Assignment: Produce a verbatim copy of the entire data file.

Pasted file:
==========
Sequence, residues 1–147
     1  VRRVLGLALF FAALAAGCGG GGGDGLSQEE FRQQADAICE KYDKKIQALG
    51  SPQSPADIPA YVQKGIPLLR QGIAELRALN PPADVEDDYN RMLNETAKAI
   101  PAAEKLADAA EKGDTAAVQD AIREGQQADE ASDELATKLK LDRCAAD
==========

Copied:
Sequence, residues 1–147
     1  VRRVLGLALF FAALAAGCGG GGGDGLSQEE FRQQADAICE KYDKKIQALG
    51  SPQSPADIPA YVQKGIPLLR QGIAELRALN PPADVEDDYN RMLNETAKAI
   101  PAAEKLADAA EKGDTAAVQD AIREGQQADE ASDELATKLK LDRCAAD